Port Olry Chicken Coop
August 2016, Port Olry, Vanuatu
Duration: 2 days
The northern coastal village of Port Olry is home to approximately 3000 people and thousands of chickens. However, despite the ready source of protein, many children are poorly nourished.
Two Llamas wanted to find a way of improve early childhood nutrition and instill alternative farming practices from an early age.
Hens and roosters are left to wander free range; foraging for insects and scraps. Most eggs are fertilized as a result and chickens are wild.
The practice of keeping chickens in a coop or training them to return at night and releasing them only after eggs have been laid, is not practiced.
Locating eggs that have been laid before they go off in the heat or are eaten by other animals is often a hot-and-miss affair.
Eggs must be purchased using cash (a scarce commodity in a community with few jobs) and often, the community store has no supplies available to purchase.
When a chicken is wanted for eating, the villagers must catch them using a traditional trap. This can be time consuming and does not guarantee that only the fattest chickens are eaten.
Chantal Dunba (Founder of SUP Wilderness Adventures and Two Llamas) approached Chris Radcliff of Vanuatu Agricultural College (VAC).
Agreement was reached whereby VAC students would build a chicken coop as the practical component of VAC student studies. VAC would supply manpower and management of resources, as well as an initial 10 laying hens.
SUP Wilderness Adventures would pay for materials. (Outlay VT5500 (approx Au$60)
On 10 Aug 2016, Vanuatu Agricultural College (VAC) students and trainers commenced construction using locally sources wood from palm trees, scrap materials and wire mesh purchased from Santo Hardware in Luganville.
On Aug 17, the gang returned for the second day of construction; at the end of which they had built the Taj Mahal of Vanuatu chicken coops.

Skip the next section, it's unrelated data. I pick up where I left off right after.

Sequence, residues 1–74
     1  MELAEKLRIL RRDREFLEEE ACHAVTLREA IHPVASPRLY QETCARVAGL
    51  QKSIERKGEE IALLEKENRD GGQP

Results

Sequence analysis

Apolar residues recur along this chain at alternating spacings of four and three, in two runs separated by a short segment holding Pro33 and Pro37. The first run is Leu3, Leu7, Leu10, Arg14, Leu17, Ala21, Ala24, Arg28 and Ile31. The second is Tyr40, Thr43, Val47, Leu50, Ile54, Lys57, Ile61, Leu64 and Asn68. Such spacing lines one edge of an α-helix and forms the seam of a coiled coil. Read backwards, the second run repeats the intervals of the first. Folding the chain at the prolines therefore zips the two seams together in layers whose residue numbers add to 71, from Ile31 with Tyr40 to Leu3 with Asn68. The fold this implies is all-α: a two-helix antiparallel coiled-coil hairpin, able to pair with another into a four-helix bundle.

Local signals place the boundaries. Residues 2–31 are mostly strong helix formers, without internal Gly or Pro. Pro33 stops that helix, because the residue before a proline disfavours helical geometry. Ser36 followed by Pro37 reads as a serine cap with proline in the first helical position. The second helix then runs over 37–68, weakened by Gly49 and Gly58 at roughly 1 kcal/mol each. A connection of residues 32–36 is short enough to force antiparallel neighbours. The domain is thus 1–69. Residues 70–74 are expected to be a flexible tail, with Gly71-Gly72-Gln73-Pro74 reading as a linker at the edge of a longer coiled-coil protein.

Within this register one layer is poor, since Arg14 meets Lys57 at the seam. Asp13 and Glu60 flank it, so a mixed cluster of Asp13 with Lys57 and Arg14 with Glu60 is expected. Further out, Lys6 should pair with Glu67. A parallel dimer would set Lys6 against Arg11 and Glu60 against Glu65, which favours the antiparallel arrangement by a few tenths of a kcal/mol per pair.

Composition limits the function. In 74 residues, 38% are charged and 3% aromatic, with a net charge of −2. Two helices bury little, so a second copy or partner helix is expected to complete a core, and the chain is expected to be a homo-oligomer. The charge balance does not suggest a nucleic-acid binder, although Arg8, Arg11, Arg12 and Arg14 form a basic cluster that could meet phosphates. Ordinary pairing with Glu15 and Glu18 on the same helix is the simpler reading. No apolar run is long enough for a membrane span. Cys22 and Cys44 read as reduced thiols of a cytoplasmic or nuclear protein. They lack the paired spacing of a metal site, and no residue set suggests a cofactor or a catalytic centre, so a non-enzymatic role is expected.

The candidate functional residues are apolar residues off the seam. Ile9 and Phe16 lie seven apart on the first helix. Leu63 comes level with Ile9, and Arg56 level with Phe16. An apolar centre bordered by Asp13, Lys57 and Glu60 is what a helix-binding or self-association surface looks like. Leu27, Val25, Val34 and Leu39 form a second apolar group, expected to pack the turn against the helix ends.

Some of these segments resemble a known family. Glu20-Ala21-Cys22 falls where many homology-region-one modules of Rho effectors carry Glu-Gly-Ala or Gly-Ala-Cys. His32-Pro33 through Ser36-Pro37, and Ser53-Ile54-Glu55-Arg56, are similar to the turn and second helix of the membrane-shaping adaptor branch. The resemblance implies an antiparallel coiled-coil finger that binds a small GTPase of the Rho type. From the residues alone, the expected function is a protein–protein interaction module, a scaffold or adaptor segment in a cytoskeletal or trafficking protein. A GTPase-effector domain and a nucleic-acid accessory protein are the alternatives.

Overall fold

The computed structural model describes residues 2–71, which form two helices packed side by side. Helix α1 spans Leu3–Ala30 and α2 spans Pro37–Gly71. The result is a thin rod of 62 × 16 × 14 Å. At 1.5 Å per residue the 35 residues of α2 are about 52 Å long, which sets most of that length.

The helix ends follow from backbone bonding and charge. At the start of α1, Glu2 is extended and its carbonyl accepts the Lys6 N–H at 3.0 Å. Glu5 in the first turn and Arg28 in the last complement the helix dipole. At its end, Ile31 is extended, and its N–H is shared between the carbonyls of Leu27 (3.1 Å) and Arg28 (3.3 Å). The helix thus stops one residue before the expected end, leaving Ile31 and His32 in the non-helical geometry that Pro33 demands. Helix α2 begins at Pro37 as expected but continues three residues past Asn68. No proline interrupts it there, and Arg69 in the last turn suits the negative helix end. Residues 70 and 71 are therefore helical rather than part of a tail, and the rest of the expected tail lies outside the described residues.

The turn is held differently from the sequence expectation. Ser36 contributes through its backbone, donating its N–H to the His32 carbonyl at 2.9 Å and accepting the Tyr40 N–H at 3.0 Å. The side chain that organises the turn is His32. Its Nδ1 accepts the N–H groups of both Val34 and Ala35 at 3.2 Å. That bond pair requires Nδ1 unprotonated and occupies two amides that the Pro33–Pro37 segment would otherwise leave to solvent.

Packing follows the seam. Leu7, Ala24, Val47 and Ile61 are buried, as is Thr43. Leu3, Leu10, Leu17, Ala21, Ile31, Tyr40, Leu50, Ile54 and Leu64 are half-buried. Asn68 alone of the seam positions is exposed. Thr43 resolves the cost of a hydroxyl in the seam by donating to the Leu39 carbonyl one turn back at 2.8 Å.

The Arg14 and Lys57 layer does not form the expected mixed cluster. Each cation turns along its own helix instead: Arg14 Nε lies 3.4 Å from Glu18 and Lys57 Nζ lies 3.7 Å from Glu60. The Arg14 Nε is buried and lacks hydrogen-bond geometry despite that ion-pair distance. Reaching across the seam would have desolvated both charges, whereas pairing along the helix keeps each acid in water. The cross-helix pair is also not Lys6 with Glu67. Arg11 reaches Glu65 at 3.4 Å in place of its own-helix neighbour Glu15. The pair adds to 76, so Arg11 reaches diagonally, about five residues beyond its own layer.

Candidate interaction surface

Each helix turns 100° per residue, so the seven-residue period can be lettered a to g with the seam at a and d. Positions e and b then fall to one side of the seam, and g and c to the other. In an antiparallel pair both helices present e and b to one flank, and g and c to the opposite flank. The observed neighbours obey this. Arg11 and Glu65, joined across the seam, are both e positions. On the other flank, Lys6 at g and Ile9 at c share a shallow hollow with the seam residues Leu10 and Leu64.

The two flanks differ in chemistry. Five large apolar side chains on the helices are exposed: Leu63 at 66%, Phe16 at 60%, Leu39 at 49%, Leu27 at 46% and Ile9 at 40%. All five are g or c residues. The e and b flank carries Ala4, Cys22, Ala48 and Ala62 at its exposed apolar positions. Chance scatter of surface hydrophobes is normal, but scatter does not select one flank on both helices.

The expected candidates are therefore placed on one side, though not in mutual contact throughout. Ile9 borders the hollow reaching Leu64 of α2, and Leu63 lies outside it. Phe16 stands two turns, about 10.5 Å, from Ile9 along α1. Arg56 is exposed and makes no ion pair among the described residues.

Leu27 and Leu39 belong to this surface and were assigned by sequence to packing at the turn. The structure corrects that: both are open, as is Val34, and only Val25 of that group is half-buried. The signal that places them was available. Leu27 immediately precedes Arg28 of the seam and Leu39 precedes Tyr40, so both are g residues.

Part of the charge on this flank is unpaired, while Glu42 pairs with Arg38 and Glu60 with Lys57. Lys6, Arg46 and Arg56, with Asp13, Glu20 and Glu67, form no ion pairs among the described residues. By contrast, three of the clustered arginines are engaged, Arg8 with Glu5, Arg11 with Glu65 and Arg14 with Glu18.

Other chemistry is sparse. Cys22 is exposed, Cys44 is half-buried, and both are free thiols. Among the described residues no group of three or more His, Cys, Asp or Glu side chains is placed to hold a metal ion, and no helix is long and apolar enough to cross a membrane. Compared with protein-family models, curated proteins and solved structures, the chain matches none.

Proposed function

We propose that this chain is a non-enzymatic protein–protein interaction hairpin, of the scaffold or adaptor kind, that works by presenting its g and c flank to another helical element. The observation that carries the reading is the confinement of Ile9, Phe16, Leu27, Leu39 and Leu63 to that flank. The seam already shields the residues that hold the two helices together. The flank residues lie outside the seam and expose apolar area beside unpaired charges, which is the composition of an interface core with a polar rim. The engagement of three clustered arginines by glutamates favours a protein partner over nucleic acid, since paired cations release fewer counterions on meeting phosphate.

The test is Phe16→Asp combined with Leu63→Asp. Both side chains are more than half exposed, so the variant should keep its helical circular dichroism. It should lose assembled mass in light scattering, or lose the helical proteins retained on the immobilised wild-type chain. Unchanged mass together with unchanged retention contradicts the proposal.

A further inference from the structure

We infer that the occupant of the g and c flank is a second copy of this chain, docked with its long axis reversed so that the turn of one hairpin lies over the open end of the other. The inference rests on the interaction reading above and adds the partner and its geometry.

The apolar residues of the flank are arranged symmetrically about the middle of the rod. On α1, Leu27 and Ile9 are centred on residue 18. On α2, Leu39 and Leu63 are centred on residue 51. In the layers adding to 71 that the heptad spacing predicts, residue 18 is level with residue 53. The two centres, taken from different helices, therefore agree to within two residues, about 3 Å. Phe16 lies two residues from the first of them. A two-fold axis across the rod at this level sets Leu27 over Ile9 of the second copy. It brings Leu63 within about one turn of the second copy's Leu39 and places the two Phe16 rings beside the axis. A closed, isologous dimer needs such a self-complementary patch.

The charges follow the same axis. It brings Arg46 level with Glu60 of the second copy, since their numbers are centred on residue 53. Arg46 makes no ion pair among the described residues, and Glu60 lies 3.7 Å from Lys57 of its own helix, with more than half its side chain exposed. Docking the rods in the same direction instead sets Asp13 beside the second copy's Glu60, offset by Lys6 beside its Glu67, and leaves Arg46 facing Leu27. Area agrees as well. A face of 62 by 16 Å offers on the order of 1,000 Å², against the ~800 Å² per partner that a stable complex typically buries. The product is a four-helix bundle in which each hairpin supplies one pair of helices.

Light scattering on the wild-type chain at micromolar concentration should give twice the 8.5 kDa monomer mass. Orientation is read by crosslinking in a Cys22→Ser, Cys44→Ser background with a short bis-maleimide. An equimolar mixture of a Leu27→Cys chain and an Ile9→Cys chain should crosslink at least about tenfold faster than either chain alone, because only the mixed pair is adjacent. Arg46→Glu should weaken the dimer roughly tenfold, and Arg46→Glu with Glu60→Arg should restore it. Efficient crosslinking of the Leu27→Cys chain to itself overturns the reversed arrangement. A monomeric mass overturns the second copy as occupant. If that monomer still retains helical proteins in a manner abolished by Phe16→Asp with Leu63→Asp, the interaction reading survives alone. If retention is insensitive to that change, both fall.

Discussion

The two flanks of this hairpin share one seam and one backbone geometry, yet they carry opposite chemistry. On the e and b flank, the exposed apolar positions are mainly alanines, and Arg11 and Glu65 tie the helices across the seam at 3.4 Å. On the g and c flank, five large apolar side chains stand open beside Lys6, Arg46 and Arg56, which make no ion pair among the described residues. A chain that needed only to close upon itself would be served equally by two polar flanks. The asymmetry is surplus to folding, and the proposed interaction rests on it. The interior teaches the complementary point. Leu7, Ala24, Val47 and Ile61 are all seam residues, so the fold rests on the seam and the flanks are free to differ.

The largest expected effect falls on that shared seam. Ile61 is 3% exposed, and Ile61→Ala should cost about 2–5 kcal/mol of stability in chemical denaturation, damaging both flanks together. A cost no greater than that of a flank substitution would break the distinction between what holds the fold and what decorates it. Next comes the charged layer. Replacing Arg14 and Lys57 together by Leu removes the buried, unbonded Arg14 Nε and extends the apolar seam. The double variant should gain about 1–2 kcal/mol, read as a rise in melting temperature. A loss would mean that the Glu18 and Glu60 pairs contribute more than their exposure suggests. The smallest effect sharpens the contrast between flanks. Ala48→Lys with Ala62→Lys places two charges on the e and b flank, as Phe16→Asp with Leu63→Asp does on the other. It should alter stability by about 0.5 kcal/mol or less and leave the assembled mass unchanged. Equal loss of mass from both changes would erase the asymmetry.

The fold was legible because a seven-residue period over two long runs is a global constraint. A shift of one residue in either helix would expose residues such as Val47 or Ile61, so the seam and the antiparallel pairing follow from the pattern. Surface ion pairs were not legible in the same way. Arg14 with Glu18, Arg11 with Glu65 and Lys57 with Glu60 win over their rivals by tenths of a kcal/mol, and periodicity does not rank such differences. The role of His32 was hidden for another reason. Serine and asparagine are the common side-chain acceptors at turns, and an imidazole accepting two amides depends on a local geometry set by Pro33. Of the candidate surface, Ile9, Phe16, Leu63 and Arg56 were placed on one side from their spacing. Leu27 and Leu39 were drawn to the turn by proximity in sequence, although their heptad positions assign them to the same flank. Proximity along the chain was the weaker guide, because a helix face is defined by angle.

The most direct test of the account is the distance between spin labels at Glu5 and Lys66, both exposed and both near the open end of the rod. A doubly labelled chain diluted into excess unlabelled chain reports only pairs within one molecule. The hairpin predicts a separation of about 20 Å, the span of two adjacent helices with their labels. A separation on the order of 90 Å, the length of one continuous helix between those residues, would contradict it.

Located next to - and accessible only through the secure grounds of the Port Olry kindy - the coop is capable of housing up to 20 laying chickens. These have been reared at VAC in Luganville and will be transported to Port Olry once they reach one month of age.
Kindy teachers and children will be responsible for the care of the hens. In return, they will be provided with a steady source of protein to supplement their diets.
Once the chickens are mature, they will be fed food scraps rather than pellets as the scraps will make the eggs taste better and is a more cost effective food source than pellets.
In addition, feeding scraps to the chickens will reduce the incidence of rats and flies in the village, both of which are currently flourishing in number as they are feeding on discarded food and creating health risks.
Local restaurants have been invited to donate their food scraps to the chickens to ensure their is adequate supply.
Radiant Stanley - nurse at the Port Olry Health Clinic - will build her home next to the chicken coop so that she is able to watch over the chickens and ensure they always have clean water.
Chicken wire VT5,500
Total VT11,000 (approx Au$132)
Improved nutrition and student health
Reduced waste and disease
DESIRED BEHAVIORAL CHANGE
Adoption of improved farming and waste management practices
Expansion of program into primary and secondary schools
Development of egg laying cottage industry as a sustainable economic activity.
On behalf of Two Llamas and SUP Wilderness Adventures, we would like to thank VAC students and trainers for sponsoring this project and helping fight childhood under nutrition in Port Olry.